Thursday, April 22, 2010

MEGA PIRANHA (2010) - part one of two

Oversized deadly fish chomp their way up the Amazon, destroying everything and everyone in their path.


Good-hearted ichthyologist Tiffany - Tiffany "I Think We're Alone Now" Tiffany, no last name required, yo - has been genetically modifying Venezuelan piranhas to make them a bigger and therefore more bountiful food source for the people. Unfortunately, she hasn't just made their bodies bigger...she's made their teeth bigger, too.

These piranhas have METAL TEETH. DEATH METAL TEETH. F YES THEY DO. Turn off that Hall & Oates and crank some Carcass, because that's what's about to go down onscreen.

First 10 minutes shred count includes:

- locals
- tourists
- girls in skimpy neon bikinis
- the US Ambassador
- a boat

And these biters double in size every 36 hours! Extrapolate this algorithm: If there's nothing to stop them from growing, how long will it take until the earth's surface is destroyed with nothing left to sustain them but each other's flesh? How big will the last fish standing be, and would its mass create a pull too strong to sustain the physical balance of the universe? COULD THERE BE A SEQUEL EXPLORING THESE ISSUES PLEASE.

Anyway, back to the lab, where Tiffany feels awful. So does Greg Brady, who plays Government Dude In DC Trying To Get Things Done By Yelling Into A Cell Phone. (Greg Brady's character is named Bob Grady, maybe to make it easier for Greg to remember his own name? Everyone has days like that.) Someone throws a dead piranha on the Venezuelan Colonel's desk to prove a point ("this is bad!") and he is most displeased. How will he get the smell out of his paperwork???

And then there is fish-kicking: Paul Logan on his back at the water's edge, bicycling away the piranhas like an aerobics champ, right before a fellow scientist declaims something like "They won't get away with it this time!" and then gets chomped by an enormous piranha. As for Tiffany, well, she hates it! Really! Hates hates hates! And wants to kill them all!

What happens next is a bit of a mystery because my viewing companions and I ate seconds on pasta before snuggling down into the couches with the dogs and consequently, somewhere post fish-kicking we were all zzzzzzzzz. So please tune in shortly for reportage on a conclusion sure to involve MAYHEM and PULVERIZED FISH BITS.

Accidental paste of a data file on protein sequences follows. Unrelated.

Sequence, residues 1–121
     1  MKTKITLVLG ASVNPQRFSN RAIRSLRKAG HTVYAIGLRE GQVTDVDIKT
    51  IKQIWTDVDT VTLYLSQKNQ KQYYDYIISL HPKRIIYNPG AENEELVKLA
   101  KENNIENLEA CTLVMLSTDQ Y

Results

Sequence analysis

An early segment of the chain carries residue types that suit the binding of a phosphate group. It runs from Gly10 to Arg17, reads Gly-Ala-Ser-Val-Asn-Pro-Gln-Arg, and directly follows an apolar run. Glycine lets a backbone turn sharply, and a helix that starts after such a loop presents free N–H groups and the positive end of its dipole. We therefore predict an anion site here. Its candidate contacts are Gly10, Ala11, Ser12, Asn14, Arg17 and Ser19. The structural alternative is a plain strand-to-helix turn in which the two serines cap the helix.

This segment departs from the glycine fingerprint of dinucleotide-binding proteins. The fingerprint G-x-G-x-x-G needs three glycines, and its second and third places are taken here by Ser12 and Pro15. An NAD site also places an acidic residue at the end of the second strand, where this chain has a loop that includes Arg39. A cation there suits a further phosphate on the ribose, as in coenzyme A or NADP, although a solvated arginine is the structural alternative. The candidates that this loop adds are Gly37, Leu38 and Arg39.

Special thanks to Julie and Quincy for hosting.


  1. Well, the average piranha is about 8 inches long. If we assume, for ease of calculation, that each piranha is somewhat less than 4 inches wide, then an 8-inch square would accommodate 2 piranhas. The only remaining piece of data needed is how many piranhas you start with. I'm going to pull a number out of thin air -- let's say 200. So 200 piranhas cover 100 8-inch squares. That means that their initial total area was 6400 sq in (100 * 8^2).

    Now I'm not sure what "double in size" means here, but, again, for ease of calculation I'm going to assume that this refers to length, and that the piranhas grow proportionally, so that in 36 hours a piranha would go from 8 inches to 16 inches in length, and two piranhas would now cover a square 16 inches on a side.

    But of course that means that your piranhas are now covering an area FOUR times larger than they were 36 hours before, because area multiplies twice as fast as length.

    The surface of the earth is approximately 7.9 * 10^17 square inches.

    Define T as time in hours that it would take to cover the planet with piranhas. Define X as T/36 -- X is, in other words, the number of 36-hour periods it would take to reach T. Then:

    (6400 sq in)*(4^X) = 7.9 * 10^17 sq in


    X = log base-4 of (7.9 * 10^17)/6400

    According to a logarithm calculator I found on the internet, that's about 14.09, so

    T = X * 36
    = 507.24 hours, or about 21 days.

  2. Keep it coming, please! Assume each piranha has a starting mass of 6.5 lbs. Uh, then what? I'm only good at fake applied math.

  3. Well, while area increases as a square of length (assuming proportional growth), weight increases as a cube of length, because weight can be approximated as a measure of volume. So since length is growing by a factor of 2 every 36 hours, weight is increasing by a factor of eight. Hence:

    6.5 lbs * 8^14.09 or 3.447 * 10^13 lbs

    per fish. Since we started with 200 fish, that's a total of 6.894 * 10^15 lbs of fish altogether.

    Of course, I've done a lot of hand-waving here -- I assumed 200 fish to start with, fish aren't perfectly rectangular, etc. But I feel like this is a good first approximation.

  4. Oh, and I forgot to answer the last question -- how big would the last fish standing be? But I feel unqualified to answer that question; it leaves the realm of applied mathematics and involves animal behavior, efficiency of digestion, and some other factors. We'd need to consult a biologist -- maybe Tiffany? But I suspect that'd be one whoppin' big fish.

  5. I applaud your calculations. Thank you, sir.

    There still remains the question of how the last fish standing might affect the balance of the universe - perhaps a study for another time.